And while I have a major problem with his sentiment that homophobia only affects men, and I am currently wondering if Thierry has ever met a lesbian or even heard of Kiana Firouz, I am really liking what he is saying here. Because another papery layer of onion offence that I first thought through was 'Why does a woman out late at night wearing less than a ski suit automatically have to automatically be equated with a prostitute?' Because even though my friend called the blonde girl on Abel Smith Street a whore, I actually have no fucking clue what she does for a living. And neither did he. And then I thought a little bit more, and asked myself 'Why does being equated with a prostitute have to be such a bad thing?' I think that Schaffauser's article touched on some of this stigma, and I really like how Anna North unpacked some of his comments in the aptly titled Jezebel article Sex Worker's Rights Are Rights For All Women, saying:

"Of course, not all women are raised to morally judge sex workers. But Schaffauser's points about public spaces and sexual contracts are spot-on. Too often, women are told not to walk alone, especially at night or while scantily clad. But sex workers often do all these things as part of their jobs — and they still deserve freedom from sexual assault. Unfortunately, the fact that being in public spaces alone at night is something stigmatized groups — not just sex workers, but also those who can't afford transportation or happen to live in the kind of dangerous neighborhoods middle-class people get told not to walk through — have to do makes it harder to claim this simple freedom as a right for everyone."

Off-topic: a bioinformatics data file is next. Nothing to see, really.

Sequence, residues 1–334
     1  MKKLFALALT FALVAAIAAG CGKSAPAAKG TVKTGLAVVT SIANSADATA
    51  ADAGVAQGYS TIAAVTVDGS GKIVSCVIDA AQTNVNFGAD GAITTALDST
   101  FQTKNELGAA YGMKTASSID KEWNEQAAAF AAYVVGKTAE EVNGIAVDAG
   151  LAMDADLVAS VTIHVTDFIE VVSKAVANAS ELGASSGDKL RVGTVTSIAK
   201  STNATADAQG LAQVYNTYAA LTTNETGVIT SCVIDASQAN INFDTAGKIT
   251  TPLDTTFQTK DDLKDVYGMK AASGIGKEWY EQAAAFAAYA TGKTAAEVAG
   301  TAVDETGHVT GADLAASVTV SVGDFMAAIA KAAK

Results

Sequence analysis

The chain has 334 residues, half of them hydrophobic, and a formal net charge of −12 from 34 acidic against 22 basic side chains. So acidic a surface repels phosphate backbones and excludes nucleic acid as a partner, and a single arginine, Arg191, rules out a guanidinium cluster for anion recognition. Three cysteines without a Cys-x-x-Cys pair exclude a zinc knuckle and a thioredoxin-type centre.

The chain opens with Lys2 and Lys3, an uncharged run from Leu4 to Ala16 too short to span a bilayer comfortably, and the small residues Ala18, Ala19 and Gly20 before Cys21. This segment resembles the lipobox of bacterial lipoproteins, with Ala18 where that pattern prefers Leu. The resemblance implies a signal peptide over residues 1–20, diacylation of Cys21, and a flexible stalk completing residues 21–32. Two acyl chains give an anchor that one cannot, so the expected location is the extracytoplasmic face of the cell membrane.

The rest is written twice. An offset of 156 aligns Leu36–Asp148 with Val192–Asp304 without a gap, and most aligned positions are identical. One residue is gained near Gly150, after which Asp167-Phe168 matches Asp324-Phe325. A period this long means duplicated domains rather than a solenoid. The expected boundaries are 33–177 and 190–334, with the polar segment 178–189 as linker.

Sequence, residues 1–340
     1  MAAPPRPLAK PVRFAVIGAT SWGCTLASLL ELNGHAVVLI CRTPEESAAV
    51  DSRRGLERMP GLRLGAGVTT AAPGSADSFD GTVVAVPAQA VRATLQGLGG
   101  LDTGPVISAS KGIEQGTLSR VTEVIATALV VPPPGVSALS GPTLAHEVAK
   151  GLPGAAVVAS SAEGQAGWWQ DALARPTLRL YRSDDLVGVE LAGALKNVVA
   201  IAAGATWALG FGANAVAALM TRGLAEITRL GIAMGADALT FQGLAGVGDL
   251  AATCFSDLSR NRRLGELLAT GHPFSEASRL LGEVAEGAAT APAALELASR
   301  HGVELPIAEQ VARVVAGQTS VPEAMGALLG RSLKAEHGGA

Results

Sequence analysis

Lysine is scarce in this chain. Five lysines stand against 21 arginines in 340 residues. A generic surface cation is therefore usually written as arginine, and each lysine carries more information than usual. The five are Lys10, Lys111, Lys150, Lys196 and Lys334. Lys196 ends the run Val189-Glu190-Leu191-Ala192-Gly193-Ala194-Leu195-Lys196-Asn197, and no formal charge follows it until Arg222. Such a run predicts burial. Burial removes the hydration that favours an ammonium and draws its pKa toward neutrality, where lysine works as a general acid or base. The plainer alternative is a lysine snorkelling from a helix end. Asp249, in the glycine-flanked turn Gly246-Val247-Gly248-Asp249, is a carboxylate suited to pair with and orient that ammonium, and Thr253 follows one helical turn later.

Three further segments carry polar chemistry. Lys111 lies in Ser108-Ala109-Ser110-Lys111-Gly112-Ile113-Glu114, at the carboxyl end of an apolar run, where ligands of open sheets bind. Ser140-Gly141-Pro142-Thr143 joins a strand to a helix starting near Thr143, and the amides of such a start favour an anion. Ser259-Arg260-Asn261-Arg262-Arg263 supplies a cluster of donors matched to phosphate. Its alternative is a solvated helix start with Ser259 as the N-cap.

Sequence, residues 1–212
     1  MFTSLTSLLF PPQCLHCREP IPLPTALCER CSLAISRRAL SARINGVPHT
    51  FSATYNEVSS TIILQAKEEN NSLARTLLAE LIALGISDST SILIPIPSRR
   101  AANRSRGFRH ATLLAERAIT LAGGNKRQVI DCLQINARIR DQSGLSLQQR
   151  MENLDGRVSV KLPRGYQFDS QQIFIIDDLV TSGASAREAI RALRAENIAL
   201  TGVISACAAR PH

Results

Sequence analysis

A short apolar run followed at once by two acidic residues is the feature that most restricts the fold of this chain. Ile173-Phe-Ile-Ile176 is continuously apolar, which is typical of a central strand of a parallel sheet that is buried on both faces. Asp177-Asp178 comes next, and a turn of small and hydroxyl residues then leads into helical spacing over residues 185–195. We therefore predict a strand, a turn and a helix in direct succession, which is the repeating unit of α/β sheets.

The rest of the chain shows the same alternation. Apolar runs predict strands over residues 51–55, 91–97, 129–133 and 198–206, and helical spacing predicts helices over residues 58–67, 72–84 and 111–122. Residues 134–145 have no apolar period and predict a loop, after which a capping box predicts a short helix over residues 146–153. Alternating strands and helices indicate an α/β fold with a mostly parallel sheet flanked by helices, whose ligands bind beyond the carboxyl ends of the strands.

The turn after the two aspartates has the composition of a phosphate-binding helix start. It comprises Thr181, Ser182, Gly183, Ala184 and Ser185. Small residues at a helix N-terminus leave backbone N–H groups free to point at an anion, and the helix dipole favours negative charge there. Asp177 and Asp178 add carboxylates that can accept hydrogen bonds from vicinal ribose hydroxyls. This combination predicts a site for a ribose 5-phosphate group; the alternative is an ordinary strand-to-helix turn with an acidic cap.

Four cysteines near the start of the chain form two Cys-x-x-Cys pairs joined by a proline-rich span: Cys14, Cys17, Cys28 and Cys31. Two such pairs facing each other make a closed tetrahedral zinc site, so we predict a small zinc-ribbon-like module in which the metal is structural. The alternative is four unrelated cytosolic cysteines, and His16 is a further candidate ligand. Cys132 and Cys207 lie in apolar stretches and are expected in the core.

"Sex workers do all the things women are told not to do — going out at night, wearing "sexy" clothing, talking openly and assertively about sex, sleeping with multiple partners. These behaviors — and sex workers themselves — are likely stigmatized in part to keep women from gaining too much control over their sexuality. But all women deserve such control — and supporting sex workers' rights may be one way to achieve it."

Reading these truly excellent quotes made me gutted that I didn't write the article, but they also really helped me to understand why I felt so offended by my friend. Because it is that thing again, that using a describing, identifying, logical word to mean something really negative thing. The fat thing. The gay thing. And now the whore thing. Is it such an insult because of how our culture feels about women, that they either must be Madonnas or Whore, and we all know which one is supposedly better? Is it because sex workers are naughty, over-sexualised women, who are tempting fate through their dangerous profession? Is it because all sex workers must be desperate, sad, scared women and this association makes us so uncomfortable? I think that these are all really crap justifications, and they should never be a reason to yell at someone in the street. Especially because if whorephobia really is a result of societal pearl clutching, how is heckling going to help? Especially when it is right, smack bang-ingly, blindingly obviously there on the continuum of sexual violence?

When I was bashing around on the Internet looking at this stuff I found a really interesting blog post entitled Whorephobia 101, written by Jane Brazen. I seriously encourage you to go and read this, because I can't quote the whole thing, because I feel like I have already tip toed around enough plagiarism enough in this blog. She writes about her experiences as a mentally ill sex worker, and she is startlingly brilliant and honest. Jane says:

"Sex work is not a simple set of dichotomies. There are not pimp-battered victims and happy hookers purely. It is neither exploitation nor empowerment purely. I have become so weary of the dialogue about sex work falling into these dichotomies. Feminists are so busy arguing about whose side in the sex wars to take to talk about the flesh and blood real lives of actual sex workers.